It is our own pride and hubris that insists that God must be able to be comprehended…because if we can comprehend him, we have at least some control. If we can comprehend God, we can predict him and manage him and have some sort of power over him. But if God is truly greater than we can fathom and bigger than we can imagine, and more wondrous than words can describe….if he is truly Incomprehensible, then we have NO power, NO ability to predict or control or manage him. We are utterly at his mercy and absolutely powerless before him.
….and that is as it should be.
Our response to these paradoxes, is to demonstrate to ourselves and to skeptics that they are not direct contradictions, but rather paradoxes where both seemingly contradictory statements are true at the same time.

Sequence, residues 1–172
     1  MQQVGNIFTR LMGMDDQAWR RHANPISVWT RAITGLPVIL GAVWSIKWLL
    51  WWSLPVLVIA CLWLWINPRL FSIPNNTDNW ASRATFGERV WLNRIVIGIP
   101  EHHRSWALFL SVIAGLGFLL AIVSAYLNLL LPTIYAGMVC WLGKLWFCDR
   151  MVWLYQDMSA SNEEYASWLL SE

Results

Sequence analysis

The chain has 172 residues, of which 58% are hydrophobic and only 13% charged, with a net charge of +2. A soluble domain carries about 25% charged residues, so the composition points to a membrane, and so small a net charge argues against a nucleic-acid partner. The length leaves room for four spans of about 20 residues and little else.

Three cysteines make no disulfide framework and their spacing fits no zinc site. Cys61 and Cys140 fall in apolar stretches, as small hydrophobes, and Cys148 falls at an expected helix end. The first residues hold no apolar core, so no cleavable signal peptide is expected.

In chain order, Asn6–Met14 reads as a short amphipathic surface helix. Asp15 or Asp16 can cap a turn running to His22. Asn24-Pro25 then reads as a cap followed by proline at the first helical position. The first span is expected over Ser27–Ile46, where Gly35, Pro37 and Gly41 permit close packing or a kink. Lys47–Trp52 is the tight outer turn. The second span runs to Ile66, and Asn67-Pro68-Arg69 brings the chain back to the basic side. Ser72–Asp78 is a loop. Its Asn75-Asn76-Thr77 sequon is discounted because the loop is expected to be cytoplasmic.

But beyond these paradoxes are Mysteries that we cannot solve, and should not try to.
The way for us to respond to the Mysteries of Christianity is with Faith.
Faith embraces Mystery. Faith accepts human limitations. Faith does not place our own “need to understand” above God’s Truth. Faith is an admission of human weakness. Faith is trusting that what God said is true even if we cannot understand how it can be so.
Faith is hard.
But everything in Christianity comes down to Faith.
Everything in Christianity is a paradox. Everything in Christianity is a Divine Mystery. From the Trinity to the Virgin Birth to the Cross and the Resurrection to our very salvation itself.
And the only response to such Mysteries is Faith. We cannot solve these Mysteries. We can only embrace them by Faith.
That is why “in the gospel the righteousness of God is revealed—a righteousness that is by faith from first to last, just as it is written: “The righteous will live by faith.” (Romans 1:17)